But while hunting coyotes requires skill and determination, it’s more than just a thrilling sport: thanks to their tendency to prey on livestock or pets, they’re considered pests by many farmers or landowners, meaning hunting serves as both entertainment and population control!
So if you plan on going after one of these cunning creatures around Wisconsin, make sure you’ve got all the necessary permits before taking aim – breeding season (January-March) is when they’re most active so this would be your best bet.
Coyote Season WI
|Hunting||Jan 01 – Dec 31|
|Trapping||Oct 14 – Feb 15|
|Hunting||Oct 15 – Feb 29|
|Hunting with dogs||Nov 30 – Feb 29|
|Hunting||Oct 14 – Feb 15|
|Trapping||Oct 14 – Feb 15|
|Hunting||Oct 14 – Dec 25, Dec 26 – Jan 31|
|Trapping||Oct 15 – Dec 25, Dec 26 – Jan 31|
|Zone A (Northwest)||Nov 04 – Apr 30|
|Zone B (Northeast)||Nov 04 – Apr 30|
|Zone C (South)||Nov 04 – Mar 31|
|Zone D (Mississippi River)||Dec 06 – Mar 15|
|Northern Zone||Oct 21 – Apr 15|
|Central Zone||Oct 28 – Mar 27|
|Southern Zone||Nov 04 – Mar 15|
|Mississippi River Zone||Nov 13 – Mar 10|
|Northern Zone||Oct 21 – Apr 15|
|Central Zone||Oct 28 – Mar 27|
|Southern Zone||Nov 04 – Mar 15|
|Mississippi River Zone||Nov 13 – Mar 10|
|North Zone||Nov 04 – Apr 30|
|South Zone||Nov 04 – Mar 31|
|Resident||Oct 14 – Feb 15|
|Non-resident||Oct 28 – Feb 15|
|North & South Zones||Oct 14 – Jan 07|
|Opossum||Jan 01 – Dec 31|
|Skunk||Jan 01 – Dec 31|
|Weasel||Jan 01 – Dec 31|
|Woodchuck||Jan 01 – Dec 31|
|Porcupine||Jan 01 – Dec 31|
|Pheasant (Statewide)||Oct 14 – Jan 07|
|Zone A||Sep 16 – Jan 07|
|Zone B||Oct 14 – Dec 08|
|Hungarian Partridge||Oct 14 – Jan 07|
|Bobwhite Quail||Oct 14 – Dec 06|
|Mourning Dove||Sep 01 – Nov 29|
|Crow (Statewide)||Sep 16 – Nov 16, Jan 19 – Mar 20|
|Early Teal||Sep 01 – Sep 09|
|Northern Duck Zone||Sep 23 – Nov 21|
|Southern Duck Zone||Sep 23 – Oct 08, Oct 14 – Dec 03|
|Open Water Duck Zone||Oct 14 – Dec 12|
Coot & Merganser Season
|Northern Zone||Sep 23 – Nov 21|
|Southern Zone||Sep 23 – Oct 08, Oct 14 – Dec 03|
|Open Water Zone||Oct 14 – Dec 12|
|Early Goose||01 Sep – 15 Sep|
|Northern Goose Zone||16 Sep – 16 Dec|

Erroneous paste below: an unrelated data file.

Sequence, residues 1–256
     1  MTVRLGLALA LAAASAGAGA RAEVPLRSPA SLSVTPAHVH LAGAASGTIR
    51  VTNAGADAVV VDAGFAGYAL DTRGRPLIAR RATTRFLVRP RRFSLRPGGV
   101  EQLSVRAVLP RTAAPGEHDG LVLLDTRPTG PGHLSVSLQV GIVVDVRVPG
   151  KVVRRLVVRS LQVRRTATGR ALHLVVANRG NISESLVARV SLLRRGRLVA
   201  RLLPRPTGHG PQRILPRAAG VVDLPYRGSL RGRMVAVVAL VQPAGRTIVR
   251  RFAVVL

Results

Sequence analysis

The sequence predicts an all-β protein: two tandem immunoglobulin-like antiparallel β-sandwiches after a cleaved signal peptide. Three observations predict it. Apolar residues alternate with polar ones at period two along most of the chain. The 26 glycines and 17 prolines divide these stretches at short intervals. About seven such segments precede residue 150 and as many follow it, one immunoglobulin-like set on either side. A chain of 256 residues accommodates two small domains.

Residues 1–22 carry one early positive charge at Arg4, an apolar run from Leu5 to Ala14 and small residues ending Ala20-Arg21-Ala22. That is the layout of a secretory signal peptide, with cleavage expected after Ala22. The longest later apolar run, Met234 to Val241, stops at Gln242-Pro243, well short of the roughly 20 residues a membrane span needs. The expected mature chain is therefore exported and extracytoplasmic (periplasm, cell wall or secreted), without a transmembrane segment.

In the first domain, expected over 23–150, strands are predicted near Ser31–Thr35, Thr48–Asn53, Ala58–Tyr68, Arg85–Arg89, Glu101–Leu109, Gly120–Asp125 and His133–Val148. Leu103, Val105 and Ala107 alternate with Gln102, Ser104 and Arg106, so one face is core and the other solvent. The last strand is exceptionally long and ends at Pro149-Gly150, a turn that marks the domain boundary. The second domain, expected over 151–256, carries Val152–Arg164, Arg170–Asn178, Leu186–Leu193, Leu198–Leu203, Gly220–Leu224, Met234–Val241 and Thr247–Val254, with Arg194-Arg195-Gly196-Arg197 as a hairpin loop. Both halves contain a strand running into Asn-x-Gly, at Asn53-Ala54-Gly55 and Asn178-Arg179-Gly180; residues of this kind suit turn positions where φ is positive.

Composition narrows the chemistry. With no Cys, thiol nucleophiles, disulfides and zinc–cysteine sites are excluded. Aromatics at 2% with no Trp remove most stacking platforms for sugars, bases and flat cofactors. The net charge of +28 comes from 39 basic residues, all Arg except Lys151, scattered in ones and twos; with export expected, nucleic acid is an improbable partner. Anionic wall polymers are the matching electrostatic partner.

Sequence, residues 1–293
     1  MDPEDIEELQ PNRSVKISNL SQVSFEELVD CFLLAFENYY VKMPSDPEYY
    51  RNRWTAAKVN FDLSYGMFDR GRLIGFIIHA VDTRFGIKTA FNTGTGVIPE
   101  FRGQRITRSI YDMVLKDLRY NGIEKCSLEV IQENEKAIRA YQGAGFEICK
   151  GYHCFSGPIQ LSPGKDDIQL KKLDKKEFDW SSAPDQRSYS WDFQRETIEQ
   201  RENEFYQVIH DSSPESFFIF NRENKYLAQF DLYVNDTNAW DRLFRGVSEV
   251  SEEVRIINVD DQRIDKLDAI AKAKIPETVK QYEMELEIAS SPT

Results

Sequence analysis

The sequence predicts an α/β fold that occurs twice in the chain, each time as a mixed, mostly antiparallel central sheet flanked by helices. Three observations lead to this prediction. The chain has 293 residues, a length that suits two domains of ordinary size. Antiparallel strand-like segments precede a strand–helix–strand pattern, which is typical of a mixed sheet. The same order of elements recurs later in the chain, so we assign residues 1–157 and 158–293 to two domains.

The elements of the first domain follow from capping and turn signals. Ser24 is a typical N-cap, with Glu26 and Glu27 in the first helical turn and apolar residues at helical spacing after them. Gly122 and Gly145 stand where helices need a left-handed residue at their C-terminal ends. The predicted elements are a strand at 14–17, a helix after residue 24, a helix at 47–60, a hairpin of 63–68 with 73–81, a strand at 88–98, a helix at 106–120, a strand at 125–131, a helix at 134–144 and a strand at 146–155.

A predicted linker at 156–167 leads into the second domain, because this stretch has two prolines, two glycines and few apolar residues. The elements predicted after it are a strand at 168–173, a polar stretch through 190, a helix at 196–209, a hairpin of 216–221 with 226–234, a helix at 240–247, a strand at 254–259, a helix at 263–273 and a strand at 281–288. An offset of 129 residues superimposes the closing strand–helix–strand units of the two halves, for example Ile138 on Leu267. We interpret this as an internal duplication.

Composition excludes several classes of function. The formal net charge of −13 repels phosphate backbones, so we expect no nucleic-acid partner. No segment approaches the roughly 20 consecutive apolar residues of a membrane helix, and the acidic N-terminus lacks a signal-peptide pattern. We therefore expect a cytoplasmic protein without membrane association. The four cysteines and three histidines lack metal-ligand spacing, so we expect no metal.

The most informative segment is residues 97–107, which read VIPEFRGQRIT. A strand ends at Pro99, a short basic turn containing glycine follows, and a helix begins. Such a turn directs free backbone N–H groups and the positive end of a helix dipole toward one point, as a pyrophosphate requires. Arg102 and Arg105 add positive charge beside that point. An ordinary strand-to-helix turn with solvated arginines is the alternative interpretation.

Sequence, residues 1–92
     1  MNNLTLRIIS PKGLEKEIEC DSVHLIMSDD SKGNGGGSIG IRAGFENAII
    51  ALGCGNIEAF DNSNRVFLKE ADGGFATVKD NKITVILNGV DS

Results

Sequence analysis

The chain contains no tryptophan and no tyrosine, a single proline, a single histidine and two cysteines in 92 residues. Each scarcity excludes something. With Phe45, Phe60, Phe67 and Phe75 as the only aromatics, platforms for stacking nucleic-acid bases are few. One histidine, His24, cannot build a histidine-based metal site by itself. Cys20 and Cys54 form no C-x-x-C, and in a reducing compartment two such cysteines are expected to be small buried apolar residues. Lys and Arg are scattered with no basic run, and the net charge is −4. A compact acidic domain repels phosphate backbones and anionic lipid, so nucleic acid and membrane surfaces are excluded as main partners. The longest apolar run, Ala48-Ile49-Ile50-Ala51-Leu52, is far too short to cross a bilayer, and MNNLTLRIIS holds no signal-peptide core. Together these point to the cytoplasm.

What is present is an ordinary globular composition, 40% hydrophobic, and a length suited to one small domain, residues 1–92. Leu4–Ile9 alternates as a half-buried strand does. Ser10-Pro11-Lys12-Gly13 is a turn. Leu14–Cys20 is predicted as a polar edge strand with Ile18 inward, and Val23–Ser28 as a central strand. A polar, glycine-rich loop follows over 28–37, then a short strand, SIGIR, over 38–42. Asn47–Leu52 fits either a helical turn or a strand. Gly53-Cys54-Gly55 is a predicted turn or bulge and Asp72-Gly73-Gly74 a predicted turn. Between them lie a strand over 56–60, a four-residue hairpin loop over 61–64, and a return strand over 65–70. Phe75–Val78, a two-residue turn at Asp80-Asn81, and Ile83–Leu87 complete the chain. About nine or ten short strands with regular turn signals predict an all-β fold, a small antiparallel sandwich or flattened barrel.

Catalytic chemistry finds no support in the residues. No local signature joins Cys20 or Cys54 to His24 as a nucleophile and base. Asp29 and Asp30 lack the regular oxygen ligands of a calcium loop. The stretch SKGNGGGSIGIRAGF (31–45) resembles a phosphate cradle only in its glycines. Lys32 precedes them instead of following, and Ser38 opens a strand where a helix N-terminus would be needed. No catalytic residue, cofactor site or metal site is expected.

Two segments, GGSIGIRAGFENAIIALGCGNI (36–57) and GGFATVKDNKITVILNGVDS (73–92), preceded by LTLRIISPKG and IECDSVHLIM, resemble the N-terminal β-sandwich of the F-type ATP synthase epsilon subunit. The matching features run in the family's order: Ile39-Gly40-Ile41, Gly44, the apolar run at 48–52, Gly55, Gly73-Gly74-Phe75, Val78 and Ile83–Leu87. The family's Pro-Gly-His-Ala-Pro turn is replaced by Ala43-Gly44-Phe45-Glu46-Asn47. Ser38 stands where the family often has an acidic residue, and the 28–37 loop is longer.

|Southern Goose Zone||16 Sep – 08 Oct, 14 Oct – 03 Dec, 16 Dec – 02 Jan|
|Mississippi River Goose Zone||16 Sep – 08 Oct, 14 Oct – 03 Dec, 16 Dec – 02 Jan|
Youth Waterfowl Season
|Youth Waterfowl||Sep 16 – Sep 17|
|Sora & Virginia Rail||Sep 01 – Nov 09|
|Snipe||Sep 01 – Nov 09|
|Woodcock||Sep 23 – Nov 06|
|Common Gallinule||Sep 01 – Nov 09|
Wisconsin Hunting License Information
Hunting in Wisconsin comes with rules and regulations, but don’t worry – the process of getting a license is fairly simple. Whether you’re a resident or non-resident, there are plenty of options to pick from!
For residents, there’s an annual license that covers all game species for one year; plus, if you prefer buying in bulk, then the three-year conservation patron license might be worth considering.
Non-residents can choose between an annual small game permit or a special deer gun season pass (valid only during specific dates). If you want to hunt something rarer like turkey or bear, then additional permits may be required.
Of course, having fun comes at a cost – fees apply depending on your residency status and chosen license type. Despite this expense though, it’s important to remember that every penny goes towards wildlife conservation efforts across the state!
It’s important to note that anyone born after January 1st, 1973 must first complete hunter education before purchasing any hunting licenses – classes can either be done online or attended physically.
Where Can You Hunt in Wisconsin?
Hunting in the Badger State is full of opportunity; from public lands such as state forests, wildlife areas, and county forests to private properties with Managed Forest Law (MFL).
If you’re looking for a great spot to hunt, the Chequamegon-Nicolet National Forest or one of the various state wildlife areas are fantastic places. However, when it comes to hunting on private land, always make sure you get permission first. With the Public Access Lands map provided by the state, finding MFL properties has never been easier.
Public Hunting Places in Wisconsin
Chequamegon–Nicolet National Forest
At over 1.5 million acres, the Chequamegon–Nicolet National Forest is a hunting paradise of diverse landscapes – from rolling hills to lush forests and glistening lakes. Home to an abundance of wildlife such as white-tailed deer, black bear, wild turkey, grouse, and more; there’s no shortage of game in this remote area with limited cell service – allowing for much-needed peace away from all the hustle and bustle. Plus, it has 800 miles of trails making it easy to find just about any spot you might want!